University of Iowa News Release
Oct. 28, 2003
Cambodian Flutist To Visit UI For Film, Discussion Nov. 5
Arn Chorn-Pond, a Cambodian flutist, former child soldier, internationally renowned human rights activist and Khmer Rouge Killing Fields survivor, will visit the University of Iowa Nov. 5 to attend the Iowa premiere of "The Flute Player," a documentary about his life. His visit is sponsored by UI International Programs as a preview to International Education Week, which runs Nov. 17 to 21.
The film will be presented by The Bijou at 7 p.m. Wednesday, Nov. 5 in the Illinois Room (No. 348) of the Iowa Memorial Union, followed by a discussion with Chorn-Pond. The film and discussion are free and open to the public, but due to limited seating, those who wish to attend must pick up free passes at the University Box Office in the Iowa Memorial Union starting Monday, Nov. 3, during regular box office hours: from 10 a.m. to the last film showing Monday through Friday.
The free film screening and conversation are made possible with support from UI International Programs, the UI Center for Human Rights, The Child Labor Research Initiative, The Bijou, the UI Labor Center and The Center for Asian and Pacific Studies.
The film will be shown two other times: at 5 p.m. Monday, Nov. 3, and at 9:30 p.m. Tuesday, Nov. 4, both also in The Illinois Room. The cost to attend these showings is $5.
The one-hour documentary film by Jocelyn Glatzer portrays the life and work of Cambodian genocide survivor Chorn-Pond. He was a young boy when Cambodia's Khmer Rouge military regime took power in 1975. For four years, he followed the strict orders of the Khmer Rouge -- doing whatever it took to save his own life amidst torture, murder, starvation and brainwashing. As a child enslaved in a labor camp, Chorn-Pond was forced to participate in the execution of others in order to survive, and to play propaganda songs on his flute for his captors' entertainment.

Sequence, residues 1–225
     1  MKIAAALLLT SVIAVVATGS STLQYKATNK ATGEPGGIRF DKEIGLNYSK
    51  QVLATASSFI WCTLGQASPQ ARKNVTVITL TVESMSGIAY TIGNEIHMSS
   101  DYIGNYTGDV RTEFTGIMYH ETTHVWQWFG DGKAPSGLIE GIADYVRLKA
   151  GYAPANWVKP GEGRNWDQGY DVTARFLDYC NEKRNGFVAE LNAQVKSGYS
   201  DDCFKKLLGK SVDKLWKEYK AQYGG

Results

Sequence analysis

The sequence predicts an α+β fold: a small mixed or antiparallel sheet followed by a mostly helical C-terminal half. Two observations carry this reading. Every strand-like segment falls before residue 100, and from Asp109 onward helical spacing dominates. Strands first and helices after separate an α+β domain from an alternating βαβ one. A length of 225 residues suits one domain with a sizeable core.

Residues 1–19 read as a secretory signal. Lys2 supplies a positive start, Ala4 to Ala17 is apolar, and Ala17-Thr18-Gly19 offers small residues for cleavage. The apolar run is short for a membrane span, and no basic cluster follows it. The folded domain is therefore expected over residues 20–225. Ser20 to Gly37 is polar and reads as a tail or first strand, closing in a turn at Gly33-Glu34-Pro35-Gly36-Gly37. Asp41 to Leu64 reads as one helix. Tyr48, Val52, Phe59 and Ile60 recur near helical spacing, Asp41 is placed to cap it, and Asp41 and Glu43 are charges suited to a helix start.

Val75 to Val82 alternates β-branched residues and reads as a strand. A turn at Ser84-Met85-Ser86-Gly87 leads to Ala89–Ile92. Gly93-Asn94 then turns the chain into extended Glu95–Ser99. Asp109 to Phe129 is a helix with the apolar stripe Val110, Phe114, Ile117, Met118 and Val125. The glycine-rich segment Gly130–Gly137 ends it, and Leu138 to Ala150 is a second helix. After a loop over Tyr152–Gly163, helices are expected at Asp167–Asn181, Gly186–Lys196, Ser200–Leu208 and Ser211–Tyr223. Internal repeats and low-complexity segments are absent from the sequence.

He was later forced by the Khmer Rouge to fight against the Vietnamese when they invaded Cambodia in 1979. After seeing his friends killed on the front lines, he escaped to the jungle, eventually finding his way to a Thai refugee camp. Two years later, an American refugee worker adopted Chorn-Pond and brought him to the United States. At the age of 16, Chorn-Pond was living in rural New Hampshire, struggling to rebuild what was left of his shattered life. In an effort to reconcile with his past and to prevent future atrocities, Chorn-Pond set out, flute in hand, to awaken the world to Cambodia's Killing Fields.
Diana Davies, director of UI International Programs, said "The Flute Player" is a perfect way to preview International Education Week.
"The film is a moving and inspiring account of one person's courageous efforts to revive and renew his country's lost traditions, inform the world about the Cambodian genocide and find peace with himself in the process," Davies said. "The film also reminds us of the importance of knowing about the histories, cultures, politics and current events of all parts of the world, a message that will be voiced many times during International Education Week, Nov. 17 to 21."
Today, at the age of 38, Chorn-Pond has taken his tragic past and turned it into something inspirational. He is striving to heal the deep scars of Pol Pot's genocide by bringing Cambodia's once outlawed traditional music back to his people. An estimated 90 percent of Cambodia's master musicians (the trained professionals) were killed or starved to death during the Killing Fields and the ensuing Vietnamese occupation. As the few surviving traditional master musicians grow old and fall ill, a way of life quietly sits on the brink of extinction.
"I am ecstatic that Arn has found several hours from his national road trip to join us for the debut in Iowa," said Chivy Sok, deputy director of the UI Center for Human Rights and project director of the Child Labor Research Initiative. "He has been an inspiration to so many of us who struggle to bring human rights to those in need. Arn is the ultimate example of how individual actions can lead to saving lives."
Individuals with disabilities are encouraged to attend all University of Iowa sponsored events. If you are a person with a disability and require accommodations in order to participate, please contact Amy Green at 319-335-1433 or Lois Gray at 319-335-2026.
International Programs consists of a number of offices, centers, degree programs, academic programs, research projects and services. Organized under the associate provost for academic program and dean for International Programs, these units serve to further internationalize the campus and community and promote global scholarship, research and teaching.
STORY SOURCE: University of Iowa News Services, 300 Plaza Centre One, Suite 371, Iowa City, Iowa 52242-2500.
MEDIA CONTACT: Media: Lois Gray, 319-335-2026, firstname.lastname@example.org.
PHOTOS/GRAPHICS: Photos and/or graphics for this article may be found at http://www.pbs.org/pov/utils/pov2003/thefluteplayer/photos.html